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Fuhrman Elected to the American Academy of Arts and Sciences

USC Dornsife’s Jed Fuhrman researches how complex marine microbial systems interact and change over time, resulting in problems such as climate change.

Marine microbial biodiversity expert Jed Fuhrman, McCulloch-Crosby Chair of Marine Biology and professor of biological sciences in USC Dornsife, has been elected into the American Academy of Arts and Sciences. Photo by Corey Arnold.
Marine microbial biodiversity expert Jed Fuhrman, McCulloch-Crosby Chair of Marine Biology and professor of biological sciences in USC Dornsife, has been elected into the American Academy of Arts and Sciences. Photo by Corey Arnold.

Jed Fuhrman, McCulloch-Crosby Chair of Marine Biology and professor of biological sciences in USC Dornsife, has been elected a fellow of the American Academy of Arts and Sciences. Established in 1780, the academy is among the world’s most prestigious honorary societies.

Joining USC President C. L. Max Nikias, Robert C. Packard President’s Chair and the Malcolm R. Currie Chair in Technology and the Humanities, Fuhrman is among 186 fellows and a dozen foreign honorary members newly elected to the academy. Fellows are prominent figures from academia, business, public affairs, the humanities and the arts. Among them are more than 250 Nobel Prize laureates and 60 Pulitzer Prize winners.

Fuhrman’s election brings the number of Academy fellows at USC Dornsife to 20.

“Jed’s pioneering research on marine microbial systems has far-reaching implications for the future of our planet and its natural resources,” said USC Dornsife Dean Steve Kay. “We are so proud that our colleague and friend has once again been recognized for the critical advances he has made and will continue to make in his field.”

Fuhrman was humbled to be elected into the Academy, founded during the American Revolution by John Adams, James Bowdoin, John Hancock and other leaders who established the new nation, its government and Constitution.

“This certainly makes me feel honored and appreciated by my colleagues,” Fuhrman said. “It’s wonderful to be elected to a society whose early members included Benjamin Franklin, Thomas Jefferson, and later on Albert Einstein and so many others.”

Fuhrman researches the roles of micro-organisms in natural marine ecosystems and the cycling of matter in the ocean — from the microscopic scale to the global scale. He also measures human pathogenic viruses at beaches as a potential health hazard, and works to make such measurements relatively easy and inexpensive.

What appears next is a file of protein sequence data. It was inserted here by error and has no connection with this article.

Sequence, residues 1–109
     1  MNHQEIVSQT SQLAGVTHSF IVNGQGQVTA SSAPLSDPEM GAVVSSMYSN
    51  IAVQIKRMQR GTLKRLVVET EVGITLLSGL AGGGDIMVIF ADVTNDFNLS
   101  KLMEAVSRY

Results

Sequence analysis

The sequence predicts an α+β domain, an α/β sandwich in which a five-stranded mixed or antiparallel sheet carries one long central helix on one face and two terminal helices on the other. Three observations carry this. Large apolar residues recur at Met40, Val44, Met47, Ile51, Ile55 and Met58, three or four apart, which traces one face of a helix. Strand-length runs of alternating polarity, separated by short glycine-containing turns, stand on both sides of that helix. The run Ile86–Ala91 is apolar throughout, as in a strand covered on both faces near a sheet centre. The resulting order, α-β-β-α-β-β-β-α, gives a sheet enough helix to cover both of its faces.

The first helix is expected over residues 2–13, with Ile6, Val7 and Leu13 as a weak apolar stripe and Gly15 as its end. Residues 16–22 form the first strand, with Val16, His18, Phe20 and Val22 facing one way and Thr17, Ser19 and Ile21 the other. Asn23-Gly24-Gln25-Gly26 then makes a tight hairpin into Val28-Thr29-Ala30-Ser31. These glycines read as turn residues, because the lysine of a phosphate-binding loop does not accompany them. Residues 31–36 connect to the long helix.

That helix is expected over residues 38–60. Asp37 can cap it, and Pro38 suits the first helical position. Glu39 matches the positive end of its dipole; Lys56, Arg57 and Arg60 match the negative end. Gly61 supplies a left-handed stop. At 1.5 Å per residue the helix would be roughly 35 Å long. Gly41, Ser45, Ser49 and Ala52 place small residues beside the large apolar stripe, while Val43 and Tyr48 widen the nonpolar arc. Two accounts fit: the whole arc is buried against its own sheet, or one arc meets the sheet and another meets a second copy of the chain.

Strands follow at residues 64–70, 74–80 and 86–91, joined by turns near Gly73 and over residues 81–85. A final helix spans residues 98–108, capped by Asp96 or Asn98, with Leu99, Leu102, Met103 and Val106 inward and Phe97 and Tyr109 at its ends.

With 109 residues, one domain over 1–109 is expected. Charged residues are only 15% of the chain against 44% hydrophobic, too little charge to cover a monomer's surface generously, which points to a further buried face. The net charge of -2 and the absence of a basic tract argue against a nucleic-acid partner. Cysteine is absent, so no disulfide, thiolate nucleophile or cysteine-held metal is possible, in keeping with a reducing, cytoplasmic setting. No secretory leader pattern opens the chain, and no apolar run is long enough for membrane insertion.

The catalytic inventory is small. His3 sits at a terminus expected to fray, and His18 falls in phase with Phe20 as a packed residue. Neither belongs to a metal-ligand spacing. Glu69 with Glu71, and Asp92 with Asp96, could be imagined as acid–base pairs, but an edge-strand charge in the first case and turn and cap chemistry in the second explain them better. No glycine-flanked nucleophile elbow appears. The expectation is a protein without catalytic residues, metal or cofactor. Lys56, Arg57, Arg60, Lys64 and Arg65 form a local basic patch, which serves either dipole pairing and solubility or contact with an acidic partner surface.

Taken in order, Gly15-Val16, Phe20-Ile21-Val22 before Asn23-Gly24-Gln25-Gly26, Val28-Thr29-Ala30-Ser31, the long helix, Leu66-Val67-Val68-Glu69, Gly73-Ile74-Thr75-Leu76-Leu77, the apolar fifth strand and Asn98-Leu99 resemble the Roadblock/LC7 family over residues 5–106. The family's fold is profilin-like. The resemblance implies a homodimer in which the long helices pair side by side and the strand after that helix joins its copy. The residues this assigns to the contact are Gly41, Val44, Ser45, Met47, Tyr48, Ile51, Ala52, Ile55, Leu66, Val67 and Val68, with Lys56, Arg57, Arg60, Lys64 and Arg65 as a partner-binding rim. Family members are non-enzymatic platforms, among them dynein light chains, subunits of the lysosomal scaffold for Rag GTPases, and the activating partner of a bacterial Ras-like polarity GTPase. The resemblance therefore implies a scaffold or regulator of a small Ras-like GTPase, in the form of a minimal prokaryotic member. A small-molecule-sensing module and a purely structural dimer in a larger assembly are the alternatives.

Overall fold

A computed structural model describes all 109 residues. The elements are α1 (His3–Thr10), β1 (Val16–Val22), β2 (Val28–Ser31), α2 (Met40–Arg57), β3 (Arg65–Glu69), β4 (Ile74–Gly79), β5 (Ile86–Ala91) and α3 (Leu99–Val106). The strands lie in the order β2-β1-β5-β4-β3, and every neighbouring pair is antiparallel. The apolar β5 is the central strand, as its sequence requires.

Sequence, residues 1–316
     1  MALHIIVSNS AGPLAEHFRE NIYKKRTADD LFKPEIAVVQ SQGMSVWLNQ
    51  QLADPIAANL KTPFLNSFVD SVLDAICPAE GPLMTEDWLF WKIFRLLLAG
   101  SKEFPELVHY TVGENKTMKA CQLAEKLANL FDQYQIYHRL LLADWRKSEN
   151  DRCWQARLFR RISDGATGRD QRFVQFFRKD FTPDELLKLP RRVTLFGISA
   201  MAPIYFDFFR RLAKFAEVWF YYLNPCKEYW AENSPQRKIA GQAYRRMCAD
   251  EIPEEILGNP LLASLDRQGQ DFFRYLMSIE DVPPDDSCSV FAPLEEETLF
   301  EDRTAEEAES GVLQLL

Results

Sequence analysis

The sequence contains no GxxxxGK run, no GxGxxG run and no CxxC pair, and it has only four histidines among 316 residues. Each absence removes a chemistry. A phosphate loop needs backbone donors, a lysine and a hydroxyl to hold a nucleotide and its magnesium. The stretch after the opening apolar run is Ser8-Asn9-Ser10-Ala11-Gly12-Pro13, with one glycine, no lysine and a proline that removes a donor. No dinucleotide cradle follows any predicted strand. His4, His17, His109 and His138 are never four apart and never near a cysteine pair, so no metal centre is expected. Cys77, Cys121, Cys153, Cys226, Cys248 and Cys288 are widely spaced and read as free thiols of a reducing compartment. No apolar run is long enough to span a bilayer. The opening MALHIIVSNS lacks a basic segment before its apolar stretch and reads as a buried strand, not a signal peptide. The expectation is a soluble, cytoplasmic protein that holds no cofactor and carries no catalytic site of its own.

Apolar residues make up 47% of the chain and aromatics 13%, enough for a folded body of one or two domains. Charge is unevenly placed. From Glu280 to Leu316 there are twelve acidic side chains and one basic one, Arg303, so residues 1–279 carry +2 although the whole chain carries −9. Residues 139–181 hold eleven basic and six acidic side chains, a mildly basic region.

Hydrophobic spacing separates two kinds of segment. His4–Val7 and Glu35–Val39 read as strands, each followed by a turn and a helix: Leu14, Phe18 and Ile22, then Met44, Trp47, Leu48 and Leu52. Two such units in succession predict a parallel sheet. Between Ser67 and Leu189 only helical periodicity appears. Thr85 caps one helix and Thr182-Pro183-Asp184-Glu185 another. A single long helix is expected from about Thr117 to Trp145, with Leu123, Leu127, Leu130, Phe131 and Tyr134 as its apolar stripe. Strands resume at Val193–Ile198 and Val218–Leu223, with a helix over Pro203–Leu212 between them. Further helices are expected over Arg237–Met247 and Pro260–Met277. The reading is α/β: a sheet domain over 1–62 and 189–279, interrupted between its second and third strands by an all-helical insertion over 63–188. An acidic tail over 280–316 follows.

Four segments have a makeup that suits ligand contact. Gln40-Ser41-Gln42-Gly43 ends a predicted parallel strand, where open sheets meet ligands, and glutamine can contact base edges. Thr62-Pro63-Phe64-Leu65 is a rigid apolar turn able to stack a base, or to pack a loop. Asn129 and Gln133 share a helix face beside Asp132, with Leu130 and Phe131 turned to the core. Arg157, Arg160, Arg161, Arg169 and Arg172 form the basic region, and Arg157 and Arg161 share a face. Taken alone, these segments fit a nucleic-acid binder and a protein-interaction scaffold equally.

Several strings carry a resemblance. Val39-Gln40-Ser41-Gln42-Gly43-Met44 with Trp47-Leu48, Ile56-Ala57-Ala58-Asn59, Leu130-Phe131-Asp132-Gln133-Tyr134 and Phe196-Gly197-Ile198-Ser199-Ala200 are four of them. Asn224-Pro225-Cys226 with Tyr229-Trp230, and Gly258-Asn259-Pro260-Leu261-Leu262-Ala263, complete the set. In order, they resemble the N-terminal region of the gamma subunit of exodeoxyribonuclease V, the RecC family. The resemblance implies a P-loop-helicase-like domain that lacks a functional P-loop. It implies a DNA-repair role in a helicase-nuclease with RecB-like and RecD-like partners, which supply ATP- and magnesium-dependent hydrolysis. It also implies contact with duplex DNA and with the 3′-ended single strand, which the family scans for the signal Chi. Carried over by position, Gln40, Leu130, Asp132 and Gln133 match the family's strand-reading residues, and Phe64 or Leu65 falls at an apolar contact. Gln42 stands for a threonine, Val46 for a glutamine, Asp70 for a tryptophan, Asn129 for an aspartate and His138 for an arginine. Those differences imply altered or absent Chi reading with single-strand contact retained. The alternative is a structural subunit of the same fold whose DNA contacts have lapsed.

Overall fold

In one study, Fuhrman is examining the composition and complexity of marine microbial communities that are critical components of the Earth system. They draw carbon dioxide out of the atmosphere to make organic compounds and provide half the oxygen we breathe. This process of photosynthesis is the foundation of life in the sea and on land.

Fuhrman and other researchers with the USC Wrigley Institute for Environmental Studies, housed in USC Dornsife, are investigating how marine microbial communities respond to natural events and human-induced disturbances such as wastewater release. They are looking at which organisms thrive, which don't and how the communities adjust and function over time.

“The water we drink and the air that we breathe, including every other breath we take, is made possible by microorganisms in the ocean,” he said.

Through his research, Fuhrman has also identified major new taxonomic groups and how to better estimate the total diversity found in these communities and their role in the ecosystem. Recently, his lab has determined patterns in diversity that help show how the micro-organisms interact as a complex network. In the public health realm, his team has helped to link cases of illness to exposure to microbial and viral pathogens in the coastal zone.

Fuhrman earned his bachelor’s degree in biology at the Massachusetts Institute of Technology in Cambridge, Mass., and his Ph.D. in oceanography at the Scripps Institution of Oceanography, at the University of California, San Diego.

From 1981, he taught and conducted research at Stony Brook University in Stony Brook, N.Y., until he arrived at USC Dornsife in 1988. He served as chair of biological sciences from 1994 to 1996 and in 2006 won an Albert S. Raubenheimer Outstanding Faculty Award, USC Dornsife’s highest faculty honor.

He has served on the editorial boards of The ISME Journal, Environmental Microbiology, Aquatic Microbial Ecology and Marine Ecology.

In 2012, he received part of a $35 million award to be given over five years from the Gordon and Betty Moore Foundation. That study will further understanding of ocean ecosystems and provide new insights into pressing issues such as climate change.

The academy membership encompasses more than 4,000 fellows and 600 foreign honorary members and reflects a full range of disciplines: mathematics, the physical and biological sciences, medicine, the social sciences and humanities, business, government, public affairs and the arts.

Other 2013 fellows include actors Robert De Niro and Sally Field; John Glenn Jr., the first American astronaut to orbit the Earth; Emily Rauh Pulitzer, founder and chair of the Pulitzer Foundation for the Arts; and musician Bruce Springsteen.

The 2013 class of fellows will be inducted at a ceremony on Oct. 12 at the academy’s headquarters in Cambridge, Mass.